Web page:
It is not as glamorous as my best friend and I had in mind. Unfortunately, you don’t turn twenty and become amazing. In fact, you turn twenty and things slowly start to get further and further away from initial expectations. Credit card debt is always credit card debt, regardless of whether you are 18 or 25. There is no such thing as “grown up bills”. A car is just another thing to pay for and fix. Jobs are just things you have to do to pay for all the things you can’t afford. If you think this sounds cynical…

It gets worse.

Unless your parents were superhuman, they probably had no idea how to raise you. This isn’t a bad thing. I’m not hating on your parents, trust me – I’m sure they were amazing. This is just testimony to the reality of being a twenty-something year old. Life makes no sense. There is no manual for how to live a grown up life. All of these role models I looked up to probably had similar epiphanies themselves at some point. Maybe they were my age, maybe they were younger, but either way, it probably went something like this:

Brain: Remember all those adults you used to look up to?

Twenty-Something Year Old: Yeah, sure! Mr. Smith, Ms. Doe, and mom and dad!

Brain: Yeah, well, they all had no fucking clue what they were doing.

Twenty-Something Year Old: Impossible! They had apartments and cars and jobs and grown up bills!

Brain: How old were they?

Twenty-Something Year Old: 25!

Brain: You’re 25. Do you have a clue what you’re doing?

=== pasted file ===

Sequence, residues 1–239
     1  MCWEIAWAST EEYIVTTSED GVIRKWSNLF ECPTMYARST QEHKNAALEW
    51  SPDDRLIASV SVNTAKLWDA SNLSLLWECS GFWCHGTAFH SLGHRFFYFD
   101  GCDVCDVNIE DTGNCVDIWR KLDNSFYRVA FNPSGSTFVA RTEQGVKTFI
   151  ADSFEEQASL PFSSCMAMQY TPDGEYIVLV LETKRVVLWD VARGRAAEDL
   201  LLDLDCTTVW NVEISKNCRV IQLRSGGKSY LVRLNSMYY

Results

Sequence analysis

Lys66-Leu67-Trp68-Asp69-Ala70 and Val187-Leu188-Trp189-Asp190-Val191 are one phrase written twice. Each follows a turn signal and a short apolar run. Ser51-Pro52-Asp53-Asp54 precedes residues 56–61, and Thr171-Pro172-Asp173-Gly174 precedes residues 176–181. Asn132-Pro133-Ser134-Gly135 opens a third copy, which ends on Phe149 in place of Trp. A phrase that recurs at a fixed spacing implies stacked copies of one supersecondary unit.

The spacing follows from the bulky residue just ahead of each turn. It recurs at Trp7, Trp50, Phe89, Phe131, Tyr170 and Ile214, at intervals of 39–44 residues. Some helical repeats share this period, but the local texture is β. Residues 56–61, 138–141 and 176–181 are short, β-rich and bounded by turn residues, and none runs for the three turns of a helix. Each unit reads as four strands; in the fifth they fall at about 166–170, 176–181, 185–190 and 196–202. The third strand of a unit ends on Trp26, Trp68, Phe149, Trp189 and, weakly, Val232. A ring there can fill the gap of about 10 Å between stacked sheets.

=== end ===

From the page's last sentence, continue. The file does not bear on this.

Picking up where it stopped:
Twenty-Something Year Old: Umm….no…


And so, these great role models had great role models who had great role models. And all of these generations of great role models grew up and realized the same thing – the life of a twenty-something year old is not always a glamorous one.

But it’s okay. Everyone feels the same way.

A few days ago my best friend and I (the same one from 10 years ago) got together for coffee – a veritable grown up thing to do. Here’s how it went. We went to a tiny, hipster-esque coffee shop and waited ten minutes for someone with tight jeans and Blundstones to leave so we could get a table. We then spent $10 dollars on a coffee and a small gluten-free, nut-free, soy-free chia seed Greek yogurt with organic fruit. This left approximately $20 dollars in our bank accounts. Then, we talked about still being in university, barely covering rent, having to work on the weekend, and boys. It’s actually amazing how boys are still the prominent topic of all the conversations I have with my twenty-something year old friends. The only thing is that they no longer have cooties. Now they’re just assholes!.

The thing is, being a twenty-something year old is not all that we made it out to be when we were young. It’s a lot of working and studying and cleaning and trying to keep pairs of matching socks together. Neither of us have careers, neither of us have prospects for marriage, and kids are definitely not on the horizon. So, life isn’t what we thought it would be.

But it’s awesome.

!Note: In today’s super-sensitive day and age I feel compelled to clarify that not all men are assholes. Just like we were wrong about the cooties, we’re probably wrong about boys being assholes.